Technical and vocational education and training (TVET) plays a critical role in developing essential labour market skills. While the original goal of TVET, which is still prominent today, was to prepare youth to enter the workforce by training them to be work ready, the global technological revolution and innovations in science and technology demands higher levels of education and technological skills for the 21st century. TVET has evolved to meet the needs of industry and countries. Strengthening technical and vocational education at the secondary education level provides a wider transformational vision for students to have the opportunity to gain these skills. There are challenges, which are more prevalent in some countries than others. For example, perception and participation in TVET has traditionally been stigmatized in favour of white-collar jobs. Additional challenges include contemporary curriculum and facilities, training and development of staff, and financial strains, which many developing nations have. This article sets out to provide information and guidance on the implementation of TVET programmes and focuses on: strong or emerging global TVET practice, with a focus on the secondary school sector; key features of successful practice, in order to extract the most relevant lessons; and the most common global challenges in developing successful TVET programmes, and how these can be addressed. While the article focuses on secondary education it contextualises this within the wider TVET and vocational education systems.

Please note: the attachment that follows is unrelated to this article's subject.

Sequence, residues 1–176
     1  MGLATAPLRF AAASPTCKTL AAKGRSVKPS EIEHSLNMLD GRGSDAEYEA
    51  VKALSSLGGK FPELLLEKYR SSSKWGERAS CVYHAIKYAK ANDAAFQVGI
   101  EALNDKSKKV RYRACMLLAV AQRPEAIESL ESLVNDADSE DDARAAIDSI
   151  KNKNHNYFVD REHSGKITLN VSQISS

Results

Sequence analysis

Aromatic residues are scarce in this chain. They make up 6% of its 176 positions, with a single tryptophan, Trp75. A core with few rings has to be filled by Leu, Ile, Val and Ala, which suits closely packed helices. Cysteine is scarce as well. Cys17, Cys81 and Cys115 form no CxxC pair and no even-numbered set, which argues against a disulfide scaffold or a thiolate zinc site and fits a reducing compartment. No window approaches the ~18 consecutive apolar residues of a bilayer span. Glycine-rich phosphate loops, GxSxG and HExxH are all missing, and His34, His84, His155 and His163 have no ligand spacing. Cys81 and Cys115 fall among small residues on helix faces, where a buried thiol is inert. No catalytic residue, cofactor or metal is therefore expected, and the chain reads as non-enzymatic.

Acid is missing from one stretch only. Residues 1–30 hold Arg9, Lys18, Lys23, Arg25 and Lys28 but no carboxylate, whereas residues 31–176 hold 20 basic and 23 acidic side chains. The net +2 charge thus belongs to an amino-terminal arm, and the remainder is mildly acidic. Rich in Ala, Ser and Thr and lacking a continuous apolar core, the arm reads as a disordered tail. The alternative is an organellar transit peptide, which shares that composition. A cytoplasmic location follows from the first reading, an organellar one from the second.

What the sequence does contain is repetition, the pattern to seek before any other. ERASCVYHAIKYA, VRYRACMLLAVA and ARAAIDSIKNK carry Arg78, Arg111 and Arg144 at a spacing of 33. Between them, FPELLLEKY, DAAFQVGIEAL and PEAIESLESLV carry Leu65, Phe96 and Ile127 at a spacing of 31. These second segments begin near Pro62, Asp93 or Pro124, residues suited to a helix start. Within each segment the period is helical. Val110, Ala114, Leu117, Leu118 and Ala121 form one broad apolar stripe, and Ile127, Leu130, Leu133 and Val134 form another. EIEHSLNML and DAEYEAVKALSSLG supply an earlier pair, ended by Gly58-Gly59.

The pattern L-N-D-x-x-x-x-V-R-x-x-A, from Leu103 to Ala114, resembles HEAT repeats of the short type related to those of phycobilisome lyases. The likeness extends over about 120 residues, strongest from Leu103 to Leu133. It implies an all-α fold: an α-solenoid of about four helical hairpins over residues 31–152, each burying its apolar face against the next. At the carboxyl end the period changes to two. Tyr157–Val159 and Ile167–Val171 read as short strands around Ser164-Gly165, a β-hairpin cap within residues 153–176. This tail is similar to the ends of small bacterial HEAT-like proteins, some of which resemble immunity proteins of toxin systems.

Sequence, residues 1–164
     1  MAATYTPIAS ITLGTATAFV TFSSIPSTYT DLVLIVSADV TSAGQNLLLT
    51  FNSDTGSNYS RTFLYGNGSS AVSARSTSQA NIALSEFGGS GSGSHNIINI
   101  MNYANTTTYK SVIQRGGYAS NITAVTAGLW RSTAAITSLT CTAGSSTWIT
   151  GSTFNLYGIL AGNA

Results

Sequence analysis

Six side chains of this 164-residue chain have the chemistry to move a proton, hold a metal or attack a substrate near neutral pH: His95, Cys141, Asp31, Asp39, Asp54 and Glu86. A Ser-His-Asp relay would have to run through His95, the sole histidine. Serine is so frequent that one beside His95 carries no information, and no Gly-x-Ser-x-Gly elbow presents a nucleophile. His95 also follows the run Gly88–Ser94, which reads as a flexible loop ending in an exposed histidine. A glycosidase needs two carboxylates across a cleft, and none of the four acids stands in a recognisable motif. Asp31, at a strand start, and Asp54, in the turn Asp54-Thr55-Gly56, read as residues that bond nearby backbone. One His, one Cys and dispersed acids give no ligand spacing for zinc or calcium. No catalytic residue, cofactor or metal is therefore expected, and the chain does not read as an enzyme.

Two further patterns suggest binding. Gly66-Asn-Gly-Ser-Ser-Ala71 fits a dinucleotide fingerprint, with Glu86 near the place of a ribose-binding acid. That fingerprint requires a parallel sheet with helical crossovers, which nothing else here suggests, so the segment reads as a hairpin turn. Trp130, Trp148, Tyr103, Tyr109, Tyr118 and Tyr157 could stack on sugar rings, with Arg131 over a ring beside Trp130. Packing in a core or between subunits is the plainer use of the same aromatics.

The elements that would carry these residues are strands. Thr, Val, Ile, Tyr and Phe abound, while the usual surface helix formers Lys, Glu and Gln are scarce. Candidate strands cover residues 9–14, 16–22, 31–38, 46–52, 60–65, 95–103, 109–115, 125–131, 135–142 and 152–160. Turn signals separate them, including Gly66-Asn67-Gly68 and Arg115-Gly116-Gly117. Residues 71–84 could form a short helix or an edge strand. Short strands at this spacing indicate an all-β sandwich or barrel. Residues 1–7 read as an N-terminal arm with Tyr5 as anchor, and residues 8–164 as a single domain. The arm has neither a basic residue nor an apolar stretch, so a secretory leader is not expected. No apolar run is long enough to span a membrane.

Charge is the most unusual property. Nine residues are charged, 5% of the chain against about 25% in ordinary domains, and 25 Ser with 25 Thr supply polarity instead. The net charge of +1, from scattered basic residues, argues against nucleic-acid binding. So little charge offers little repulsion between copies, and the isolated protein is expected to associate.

|Journal||World Journal of Vocational Education and Training|
|Early online date||6 Dec 2022|
|Publication status||Published - 6 Dec 2022|
- Learning Reform
- School systems
- Vocational education